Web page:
Just to be clear, yes, we’re talking about the same President Bush who once said “Rarely is the question asked: is our children learning?” the same President Bush who coined the term “Misunderestimate” and the same President Bush who once tried to exit a press conference through a locked door. Although pop culture has painted Bush as a buffoon, stupid people don’t get to be President of the United States. Part of the reason Bush is often seen as inept is his strong southern accent, which studies have shown makes someone appear less intelligent regardless of their educational background. In regards to Bush, while he wasn’t an amazing student he was by no means a poor one.
According to aides and people who’ve interviewed him George W. Bush is a remarkably smart man, with one interviewer describing him as “60 IQ points smarter in private than he was in public.” During his time as President, many commented on his ability to recall and absorb information with an extraordinary level of speed and comprehension. It’s said that Bush would often hurry people through presentations about complex policies because he’d already read through their notes and didn’t want his time wasted.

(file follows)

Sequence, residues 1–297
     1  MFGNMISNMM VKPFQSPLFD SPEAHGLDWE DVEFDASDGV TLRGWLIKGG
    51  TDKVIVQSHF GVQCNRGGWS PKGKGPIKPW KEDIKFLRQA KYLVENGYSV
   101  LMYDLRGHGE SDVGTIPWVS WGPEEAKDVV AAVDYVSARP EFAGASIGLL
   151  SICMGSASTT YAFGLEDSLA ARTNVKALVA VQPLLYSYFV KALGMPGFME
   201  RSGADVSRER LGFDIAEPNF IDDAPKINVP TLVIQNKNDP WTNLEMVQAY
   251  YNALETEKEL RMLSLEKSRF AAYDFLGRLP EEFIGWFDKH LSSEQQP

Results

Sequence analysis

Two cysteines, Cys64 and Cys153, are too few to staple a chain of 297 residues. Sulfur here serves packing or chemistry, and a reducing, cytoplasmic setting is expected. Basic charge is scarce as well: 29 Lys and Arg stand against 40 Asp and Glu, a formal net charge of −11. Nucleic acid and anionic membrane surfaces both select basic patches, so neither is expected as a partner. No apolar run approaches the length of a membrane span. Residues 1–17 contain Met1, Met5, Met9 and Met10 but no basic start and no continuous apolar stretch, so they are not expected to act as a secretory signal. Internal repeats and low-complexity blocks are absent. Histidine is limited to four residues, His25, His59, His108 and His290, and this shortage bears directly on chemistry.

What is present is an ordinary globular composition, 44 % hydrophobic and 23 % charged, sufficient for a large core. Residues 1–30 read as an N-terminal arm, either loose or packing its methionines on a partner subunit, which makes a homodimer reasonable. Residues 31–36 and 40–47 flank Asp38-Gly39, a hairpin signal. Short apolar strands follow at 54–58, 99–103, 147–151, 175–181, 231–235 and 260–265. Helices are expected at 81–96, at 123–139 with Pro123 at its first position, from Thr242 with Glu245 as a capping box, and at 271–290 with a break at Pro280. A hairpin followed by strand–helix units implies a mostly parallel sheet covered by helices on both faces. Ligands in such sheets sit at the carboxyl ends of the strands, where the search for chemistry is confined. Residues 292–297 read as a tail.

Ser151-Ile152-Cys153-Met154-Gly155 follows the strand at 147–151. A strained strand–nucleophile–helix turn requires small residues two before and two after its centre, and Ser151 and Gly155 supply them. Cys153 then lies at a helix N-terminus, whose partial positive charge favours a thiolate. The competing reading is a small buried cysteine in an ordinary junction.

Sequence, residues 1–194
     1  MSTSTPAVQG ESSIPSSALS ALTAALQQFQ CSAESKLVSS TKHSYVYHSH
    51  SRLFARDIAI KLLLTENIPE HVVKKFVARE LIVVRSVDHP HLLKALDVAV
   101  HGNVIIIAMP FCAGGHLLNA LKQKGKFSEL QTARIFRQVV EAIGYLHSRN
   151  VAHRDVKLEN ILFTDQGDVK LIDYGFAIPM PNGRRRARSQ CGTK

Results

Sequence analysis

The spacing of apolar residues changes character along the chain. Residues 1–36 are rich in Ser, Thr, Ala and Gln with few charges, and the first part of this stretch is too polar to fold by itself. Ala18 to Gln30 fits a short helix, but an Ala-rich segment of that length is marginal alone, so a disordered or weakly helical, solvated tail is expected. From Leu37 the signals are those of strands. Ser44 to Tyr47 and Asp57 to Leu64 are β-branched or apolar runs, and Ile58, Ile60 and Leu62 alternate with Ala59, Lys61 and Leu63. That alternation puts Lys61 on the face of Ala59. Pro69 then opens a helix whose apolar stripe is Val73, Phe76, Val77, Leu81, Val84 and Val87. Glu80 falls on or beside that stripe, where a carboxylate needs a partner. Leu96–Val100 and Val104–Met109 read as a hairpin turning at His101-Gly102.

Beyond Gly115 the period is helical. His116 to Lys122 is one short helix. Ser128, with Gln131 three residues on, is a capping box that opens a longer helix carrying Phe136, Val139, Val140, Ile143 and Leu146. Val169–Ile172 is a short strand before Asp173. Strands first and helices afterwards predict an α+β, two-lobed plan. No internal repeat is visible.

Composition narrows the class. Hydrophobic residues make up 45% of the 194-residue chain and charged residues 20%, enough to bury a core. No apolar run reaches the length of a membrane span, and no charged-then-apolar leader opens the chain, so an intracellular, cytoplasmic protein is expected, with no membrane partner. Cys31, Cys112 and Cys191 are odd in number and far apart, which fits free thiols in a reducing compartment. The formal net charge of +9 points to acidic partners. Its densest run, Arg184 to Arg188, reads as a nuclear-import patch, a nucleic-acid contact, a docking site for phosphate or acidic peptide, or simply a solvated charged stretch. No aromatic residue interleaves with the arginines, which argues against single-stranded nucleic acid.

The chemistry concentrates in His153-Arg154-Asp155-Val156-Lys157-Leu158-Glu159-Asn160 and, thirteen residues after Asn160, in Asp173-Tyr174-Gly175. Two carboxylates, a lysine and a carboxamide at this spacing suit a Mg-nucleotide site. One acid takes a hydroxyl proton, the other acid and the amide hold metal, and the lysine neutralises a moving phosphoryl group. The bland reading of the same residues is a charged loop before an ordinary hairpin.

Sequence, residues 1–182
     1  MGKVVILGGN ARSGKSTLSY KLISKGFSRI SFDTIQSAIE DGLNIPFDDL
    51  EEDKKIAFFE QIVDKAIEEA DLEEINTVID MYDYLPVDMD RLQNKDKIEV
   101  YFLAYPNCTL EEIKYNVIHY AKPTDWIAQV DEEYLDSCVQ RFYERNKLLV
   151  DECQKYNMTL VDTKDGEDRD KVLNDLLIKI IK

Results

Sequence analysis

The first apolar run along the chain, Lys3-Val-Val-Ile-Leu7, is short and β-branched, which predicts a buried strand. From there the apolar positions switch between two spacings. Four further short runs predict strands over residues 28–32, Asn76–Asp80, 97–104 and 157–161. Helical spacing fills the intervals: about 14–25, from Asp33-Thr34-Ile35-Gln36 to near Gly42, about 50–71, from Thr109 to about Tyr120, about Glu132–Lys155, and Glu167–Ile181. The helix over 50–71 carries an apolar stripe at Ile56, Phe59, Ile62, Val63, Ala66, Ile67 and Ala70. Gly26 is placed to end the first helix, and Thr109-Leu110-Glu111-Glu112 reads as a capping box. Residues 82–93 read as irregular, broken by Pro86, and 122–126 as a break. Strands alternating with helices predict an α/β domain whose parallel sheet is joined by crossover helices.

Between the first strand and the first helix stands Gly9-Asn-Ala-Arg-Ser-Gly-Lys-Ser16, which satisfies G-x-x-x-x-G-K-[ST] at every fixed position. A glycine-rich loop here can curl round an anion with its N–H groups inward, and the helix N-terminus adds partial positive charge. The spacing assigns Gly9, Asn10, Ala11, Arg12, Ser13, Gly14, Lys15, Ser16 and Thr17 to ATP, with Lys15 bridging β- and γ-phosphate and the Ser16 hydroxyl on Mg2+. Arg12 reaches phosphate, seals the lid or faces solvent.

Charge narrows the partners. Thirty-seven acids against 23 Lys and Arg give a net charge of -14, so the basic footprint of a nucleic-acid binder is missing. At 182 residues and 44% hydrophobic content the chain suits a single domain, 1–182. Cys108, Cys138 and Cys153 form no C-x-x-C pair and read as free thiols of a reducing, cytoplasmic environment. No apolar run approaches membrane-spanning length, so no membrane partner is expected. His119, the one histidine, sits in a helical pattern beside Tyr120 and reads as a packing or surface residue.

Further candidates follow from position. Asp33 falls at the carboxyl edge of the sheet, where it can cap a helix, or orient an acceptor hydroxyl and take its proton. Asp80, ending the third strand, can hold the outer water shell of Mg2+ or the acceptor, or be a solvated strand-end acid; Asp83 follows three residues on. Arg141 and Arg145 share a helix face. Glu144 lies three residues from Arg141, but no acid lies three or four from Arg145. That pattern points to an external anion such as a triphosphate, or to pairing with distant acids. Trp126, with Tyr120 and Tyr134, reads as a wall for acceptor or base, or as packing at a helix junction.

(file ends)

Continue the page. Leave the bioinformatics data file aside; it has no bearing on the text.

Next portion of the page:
On one occasion, Bush met with several of his advisers who were all advising him about a “thorny policy.” After three long meetings in which no agreement could be reached, an aide reached out to Bush to arrange a fourth meeting. In response, Bush meticulously listed each adviser’s key talking points along with a full and frank rebuttal before asking if a fourth meeting was really necessary. It wasn’t.
Of course this doesn’t mean Bush was a good President or that he made smart choices during his time in office, as people smarter than us have discussed. It just means that he was smarter than most people gave him credit for, which considering how stupid most people think he is makes him pretty much a genius.